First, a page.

Press Release
March 3, 2022

At the Florida Fish and Wildlife Conservation Commission’s (FWC) March 2022 meeting, Commissioners approved proposed rule amendments related to the statewide alligator harvest program. The proposed improvements would allow program participants an additional 7 hours a day of hunting opportunity and add airbows with a tethered arrow as a legal method of take. These proposals would provide greater flexibility for hunt participants while continuing the management of Florida’s alligator resource for sustainability.

The additional hunting hours would eliminate concerns about fully landing an alligator before the current 10 a.m. ending time and provide more flexibility when scheduling hunting trips. Currently, hunting hours during the statewide recreational alligator hunting season are 5 p.m. to 10 a.m. Those areas that currently limit alligator hunting hours are likely to continue with those restrictions if this proposal is approved as final rule.

Adding precharged pneumatic airbows to the legal methods of take for the statewide alligator harvest provides a new effective way to initially secure a line to the animal to safely gain control of it. The arrow must be attached to a restraining line that is tethered to the airbow or boat. Airbow use would also benefit hunters with mobility challenges and youth or smaller-framed hunters. Airbows weren’t commercially available when the statewide alligator harvest methods were last updated.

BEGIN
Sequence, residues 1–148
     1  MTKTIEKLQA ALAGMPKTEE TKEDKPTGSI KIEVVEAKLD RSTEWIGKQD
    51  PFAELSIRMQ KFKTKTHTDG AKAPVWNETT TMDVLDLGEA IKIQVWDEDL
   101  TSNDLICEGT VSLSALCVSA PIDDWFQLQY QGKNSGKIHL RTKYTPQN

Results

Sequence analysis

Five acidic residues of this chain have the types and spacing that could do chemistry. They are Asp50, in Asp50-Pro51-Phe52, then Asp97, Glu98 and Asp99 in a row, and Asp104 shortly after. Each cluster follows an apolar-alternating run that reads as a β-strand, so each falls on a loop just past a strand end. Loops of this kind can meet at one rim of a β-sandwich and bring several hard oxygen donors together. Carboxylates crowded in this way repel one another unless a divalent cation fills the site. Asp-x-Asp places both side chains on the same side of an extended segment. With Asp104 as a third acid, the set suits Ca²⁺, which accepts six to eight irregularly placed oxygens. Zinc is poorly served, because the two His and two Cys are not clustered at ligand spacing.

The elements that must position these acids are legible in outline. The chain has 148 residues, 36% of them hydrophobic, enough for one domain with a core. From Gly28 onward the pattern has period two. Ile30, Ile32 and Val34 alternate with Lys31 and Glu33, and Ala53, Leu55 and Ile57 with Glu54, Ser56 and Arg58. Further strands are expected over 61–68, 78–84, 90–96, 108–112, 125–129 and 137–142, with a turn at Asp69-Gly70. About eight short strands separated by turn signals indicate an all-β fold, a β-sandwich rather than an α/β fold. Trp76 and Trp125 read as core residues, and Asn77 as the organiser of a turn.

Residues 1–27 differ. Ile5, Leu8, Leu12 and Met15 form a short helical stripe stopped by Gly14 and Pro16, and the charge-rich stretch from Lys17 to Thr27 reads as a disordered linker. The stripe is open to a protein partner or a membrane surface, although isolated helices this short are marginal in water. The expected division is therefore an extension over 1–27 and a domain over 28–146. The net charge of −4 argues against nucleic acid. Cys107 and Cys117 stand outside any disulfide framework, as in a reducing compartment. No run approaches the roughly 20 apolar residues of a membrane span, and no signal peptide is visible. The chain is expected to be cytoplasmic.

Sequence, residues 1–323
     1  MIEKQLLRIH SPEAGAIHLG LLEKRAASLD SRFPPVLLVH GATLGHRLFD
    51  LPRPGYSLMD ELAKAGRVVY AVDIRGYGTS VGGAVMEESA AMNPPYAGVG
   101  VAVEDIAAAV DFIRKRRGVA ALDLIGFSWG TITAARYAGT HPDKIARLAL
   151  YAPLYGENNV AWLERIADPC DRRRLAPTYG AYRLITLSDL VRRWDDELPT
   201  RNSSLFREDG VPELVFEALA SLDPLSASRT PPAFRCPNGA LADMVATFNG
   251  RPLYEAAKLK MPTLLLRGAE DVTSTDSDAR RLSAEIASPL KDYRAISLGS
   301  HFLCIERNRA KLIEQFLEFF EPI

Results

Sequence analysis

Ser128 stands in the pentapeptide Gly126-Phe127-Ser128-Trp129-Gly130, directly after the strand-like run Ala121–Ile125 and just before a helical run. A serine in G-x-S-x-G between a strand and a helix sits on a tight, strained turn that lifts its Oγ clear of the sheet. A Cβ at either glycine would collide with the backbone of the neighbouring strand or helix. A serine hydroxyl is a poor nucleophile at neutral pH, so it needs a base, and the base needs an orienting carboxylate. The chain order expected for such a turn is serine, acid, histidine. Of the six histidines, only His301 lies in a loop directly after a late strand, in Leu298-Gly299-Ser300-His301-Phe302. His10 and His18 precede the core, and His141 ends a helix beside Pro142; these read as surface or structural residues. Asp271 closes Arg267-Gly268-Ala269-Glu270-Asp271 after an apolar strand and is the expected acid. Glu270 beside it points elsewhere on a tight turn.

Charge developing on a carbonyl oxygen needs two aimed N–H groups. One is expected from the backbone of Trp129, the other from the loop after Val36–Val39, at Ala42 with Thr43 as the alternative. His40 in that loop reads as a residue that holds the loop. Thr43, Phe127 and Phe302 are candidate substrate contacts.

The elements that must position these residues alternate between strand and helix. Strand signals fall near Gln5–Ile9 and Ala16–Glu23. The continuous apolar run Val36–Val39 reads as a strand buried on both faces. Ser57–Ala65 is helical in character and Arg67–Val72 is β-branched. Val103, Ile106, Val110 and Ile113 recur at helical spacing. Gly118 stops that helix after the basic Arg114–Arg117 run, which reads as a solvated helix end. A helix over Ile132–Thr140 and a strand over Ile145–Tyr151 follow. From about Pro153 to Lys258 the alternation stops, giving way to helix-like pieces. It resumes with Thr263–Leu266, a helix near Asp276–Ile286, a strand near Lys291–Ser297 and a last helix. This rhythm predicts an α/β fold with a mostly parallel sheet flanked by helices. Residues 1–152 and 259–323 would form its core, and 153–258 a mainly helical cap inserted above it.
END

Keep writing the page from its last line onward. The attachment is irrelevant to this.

These proposed changes were supported by the Alligator Management Program’s technical assistance group and FWC’s alligator management standing team. In addition, the FWC is seeking input on proposed changes throughout the rulemaking process. Stakeholders were invited to provide input on the proposals through an in-person workshop, webinars, an online poll for alligator hunters, an online commenting tool, targeted mail-out surveys for lakeside residents, and email blasts. Based on the results of this feedback, stakeholders largely support the proposed rule amendments.

Commissioners will consider the proposed rule changes for final adoption at their May 2022 meeting. If approved as final rules in May 2022, they would take effect in time for the upcoming 2022 statewide alligator harvest season. Learn more about these proposed rule changes and provide your input at MyFWC.com/Alligator.

Alligators are a conservation success story in Florida. The state’s alligator population, which was included on the original Federal Endangered Species List in 1967, is now estimated at 1.3 million alligators of every size. The population has been stable for many years and continues to remain healthy. 

Since 1988, Florida’s statewide alligator harvest has been nationally and internationally recognized as a model program for the sustainable use of a renewable natural resource. Each year, alligator management units are established with harvest quotas that provide recreational opportunities for people from Florida and beyond and maintain alligator populations at targeted levels.

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Mark Tomes
Mark Tomes
4 months ago

An iconic Florida wild animal seen as “a renewable natural resource.” How antiquated, how anthropocentric.

Sherry Harrell
4 months ago
Reply to  Mark Tomes

Mark, This is troubling to me as well. I see ‘gators from time to time in retention ponds along A-1-A and think they are great!! No, I don’t want to swim with them, but they don’t seem to be hurting a thing.

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